For all you LRDG Chevy fans......

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Hosted by John Prigent and Steve Zaloga, this is a discussion group dedicated to the armoured forces of the many Allied nations of the Second World War.

For all you LRDG Chevy fans......

Joined: November 28th, 2005, 7:50 am

July 18th, 2012, 2:10 am #1

I have just seen pictures of the new, soon to be released images of new wheels for the aging Tamiya LRDG Chevy....from DEF Model. They are sagged (weighted) too, which makes a difference from the existing wheels as far as I know.
I have the Mouse House set, and am happy with them, but the DEF Model look very well done too. Another option to consider!!
I am not connected with DEF Model, just a satisfied customer.
Shane.

Just enough knowledge to be dangerous, but not enough to help anyone.
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Joined: March 3rd, 2010, 9:07 pm

July 18th, 2012, 7:08 pm #2

Another nice set of tires for the Tamiya kit, thanks for the heads up.
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Joined: March 8th, 2005, 3:16 am

July 18th, 2012, 8:22 pm #3

I have just seen pictures of the new, soon to be released images of new wheels for the aging Tamiya LRDG Chevy....from DEF Model. They are sagged (weighted) too, which makes a difference from the existing wheels as far as I know.
I have the Mouse House set, and am happy with them, but the DEF Model look very well done too. Another option to consider!!
I am not connected with DEF Model, just a satisfied customer.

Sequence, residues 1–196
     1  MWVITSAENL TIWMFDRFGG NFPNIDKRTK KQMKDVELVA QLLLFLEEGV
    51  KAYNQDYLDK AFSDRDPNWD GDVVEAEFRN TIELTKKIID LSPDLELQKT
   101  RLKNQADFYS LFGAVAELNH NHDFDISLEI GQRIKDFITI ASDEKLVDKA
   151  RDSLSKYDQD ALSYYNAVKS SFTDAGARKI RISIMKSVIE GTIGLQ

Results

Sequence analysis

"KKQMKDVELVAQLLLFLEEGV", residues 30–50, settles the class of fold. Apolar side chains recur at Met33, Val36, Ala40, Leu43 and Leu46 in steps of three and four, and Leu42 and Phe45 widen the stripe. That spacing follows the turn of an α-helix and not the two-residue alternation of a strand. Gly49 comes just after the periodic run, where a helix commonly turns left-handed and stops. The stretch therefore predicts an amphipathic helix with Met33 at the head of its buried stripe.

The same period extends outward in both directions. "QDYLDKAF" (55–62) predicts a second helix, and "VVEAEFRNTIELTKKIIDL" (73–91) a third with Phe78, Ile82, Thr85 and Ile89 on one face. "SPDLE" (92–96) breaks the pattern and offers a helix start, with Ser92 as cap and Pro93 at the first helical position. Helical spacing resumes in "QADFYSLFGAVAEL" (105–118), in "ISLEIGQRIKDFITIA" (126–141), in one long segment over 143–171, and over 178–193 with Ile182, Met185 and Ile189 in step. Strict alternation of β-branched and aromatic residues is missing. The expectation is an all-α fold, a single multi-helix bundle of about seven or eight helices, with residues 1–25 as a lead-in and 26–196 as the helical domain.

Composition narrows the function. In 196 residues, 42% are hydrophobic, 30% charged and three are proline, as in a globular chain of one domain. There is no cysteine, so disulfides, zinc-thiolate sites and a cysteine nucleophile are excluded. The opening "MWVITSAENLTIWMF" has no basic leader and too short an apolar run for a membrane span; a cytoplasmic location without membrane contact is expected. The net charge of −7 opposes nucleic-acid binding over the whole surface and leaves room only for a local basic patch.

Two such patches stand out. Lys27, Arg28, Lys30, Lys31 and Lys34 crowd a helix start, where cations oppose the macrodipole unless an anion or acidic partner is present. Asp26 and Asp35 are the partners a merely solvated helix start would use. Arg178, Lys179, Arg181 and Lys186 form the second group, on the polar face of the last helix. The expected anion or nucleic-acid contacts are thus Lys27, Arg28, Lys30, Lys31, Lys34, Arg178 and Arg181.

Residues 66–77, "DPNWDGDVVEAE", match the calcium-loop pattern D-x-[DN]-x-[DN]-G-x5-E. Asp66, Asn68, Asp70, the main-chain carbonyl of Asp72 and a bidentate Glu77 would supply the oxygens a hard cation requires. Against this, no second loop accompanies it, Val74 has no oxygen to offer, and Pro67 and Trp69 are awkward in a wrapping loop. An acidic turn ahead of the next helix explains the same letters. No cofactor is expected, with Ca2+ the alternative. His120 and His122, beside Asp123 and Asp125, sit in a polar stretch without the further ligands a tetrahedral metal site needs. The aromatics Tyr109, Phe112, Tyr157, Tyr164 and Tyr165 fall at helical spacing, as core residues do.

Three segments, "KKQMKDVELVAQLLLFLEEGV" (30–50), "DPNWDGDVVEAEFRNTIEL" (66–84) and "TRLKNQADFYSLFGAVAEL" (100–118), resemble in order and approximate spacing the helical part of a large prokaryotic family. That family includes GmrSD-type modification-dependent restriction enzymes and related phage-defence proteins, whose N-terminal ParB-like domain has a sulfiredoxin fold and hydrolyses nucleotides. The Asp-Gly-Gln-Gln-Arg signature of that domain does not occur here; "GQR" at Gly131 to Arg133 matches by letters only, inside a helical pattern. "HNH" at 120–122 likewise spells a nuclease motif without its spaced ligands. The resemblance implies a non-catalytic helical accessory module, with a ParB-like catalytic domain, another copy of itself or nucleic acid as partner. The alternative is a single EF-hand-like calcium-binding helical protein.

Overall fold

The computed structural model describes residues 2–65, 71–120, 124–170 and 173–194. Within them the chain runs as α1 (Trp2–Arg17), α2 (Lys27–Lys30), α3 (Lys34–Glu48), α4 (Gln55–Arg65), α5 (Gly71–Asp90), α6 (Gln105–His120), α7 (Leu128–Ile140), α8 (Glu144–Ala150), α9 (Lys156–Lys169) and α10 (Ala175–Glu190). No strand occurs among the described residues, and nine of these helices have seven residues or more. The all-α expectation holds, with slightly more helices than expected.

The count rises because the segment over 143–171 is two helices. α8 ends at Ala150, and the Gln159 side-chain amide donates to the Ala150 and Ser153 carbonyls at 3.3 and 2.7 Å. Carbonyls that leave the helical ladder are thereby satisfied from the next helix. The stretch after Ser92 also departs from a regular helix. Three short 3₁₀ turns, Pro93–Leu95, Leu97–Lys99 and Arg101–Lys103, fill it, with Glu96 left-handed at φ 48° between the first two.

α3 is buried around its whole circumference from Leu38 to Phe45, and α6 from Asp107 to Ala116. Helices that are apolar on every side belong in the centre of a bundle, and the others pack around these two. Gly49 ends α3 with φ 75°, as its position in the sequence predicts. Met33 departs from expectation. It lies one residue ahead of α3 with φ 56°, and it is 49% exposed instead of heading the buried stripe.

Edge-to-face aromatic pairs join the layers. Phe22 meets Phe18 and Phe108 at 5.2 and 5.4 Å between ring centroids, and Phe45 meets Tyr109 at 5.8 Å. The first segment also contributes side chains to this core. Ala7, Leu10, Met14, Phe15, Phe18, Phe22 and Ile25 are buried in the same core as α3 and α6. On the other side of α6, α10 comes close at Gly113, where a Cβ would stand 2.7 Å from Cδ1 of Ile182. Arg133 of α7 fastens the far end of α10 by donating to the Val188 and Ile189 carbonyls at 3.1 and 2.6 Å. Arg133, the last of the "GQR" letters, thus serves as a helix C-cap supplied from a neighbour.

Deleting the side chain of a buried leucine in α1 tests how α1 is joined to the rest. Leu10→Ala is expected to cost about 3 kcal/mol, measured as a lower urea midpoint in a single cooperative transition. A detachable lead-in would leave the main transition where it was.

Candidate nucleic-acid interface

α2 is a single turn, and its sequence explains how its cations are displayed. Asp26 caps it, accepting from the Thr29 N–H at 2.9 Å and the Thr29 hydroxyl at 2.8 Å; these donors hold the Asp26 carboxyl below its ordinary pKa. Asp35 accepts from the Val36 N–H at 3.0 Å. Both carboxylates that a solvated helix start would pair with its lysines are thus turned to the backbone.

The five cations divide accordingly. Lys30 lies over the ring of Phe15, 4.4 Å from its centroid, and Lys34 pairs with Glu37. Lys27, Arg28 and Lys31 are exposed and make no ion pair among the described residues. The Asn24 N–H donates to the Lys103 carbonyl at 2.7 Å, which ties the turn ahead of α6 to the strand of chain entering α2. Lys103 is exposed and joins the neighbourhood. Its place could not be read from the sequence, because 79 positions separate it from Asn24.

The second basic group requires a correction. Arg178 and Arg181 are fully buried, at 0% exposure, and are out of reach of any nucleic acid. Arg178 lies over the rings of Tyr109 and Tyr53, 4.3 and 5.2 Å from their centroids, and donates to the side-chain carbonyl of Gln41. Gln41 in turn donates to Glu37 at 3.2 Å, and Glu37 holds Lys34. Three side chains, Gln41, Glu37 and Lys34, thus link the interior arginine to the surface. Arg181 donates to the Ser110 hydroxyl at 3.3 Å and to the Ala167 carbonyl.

Shane.

Just enough knowledge to be dangerous, but not enough to help anyone.
around in WW2. No sag on the tires of a LRDG truck,for the most part. Maybe if they let out some air for traction,but it was a chore to put it back in. Same thing happened,in reverse,with the DML halftrack. They sagged the tires and I think people said they were wrong.....Dan
Last edited by danrosecrans on July 18th, 2012, 8:23 pm, edited 1 time in total.
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Joined: March 3rd, 2010, 9:07 pm

July 18th, 2012, 9:30 pm #4

If any WW 2 vehicles would show tire sag it would be the LRDG. These trucks were rated at 1.5 tons and were often loaded well beyond this. The 1533X2 Chevrolets were ordered with air compressors and on patrol it would not be uncommon to adjust the tire pressure many times in a day. The LRDG would adjust tire pressure acording ti the load, temperature and driving conditions. Their main objective was to prevent blow outs so as not to use up all their spares and strand themselfs.
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Joined: March 8th, 2005, 3:16 am

July 18th, 2012, 10:52 pm #5

reference pictures,Miran. Of course you can use any tires you want to. I just know that you don't need sagged tires..........Dan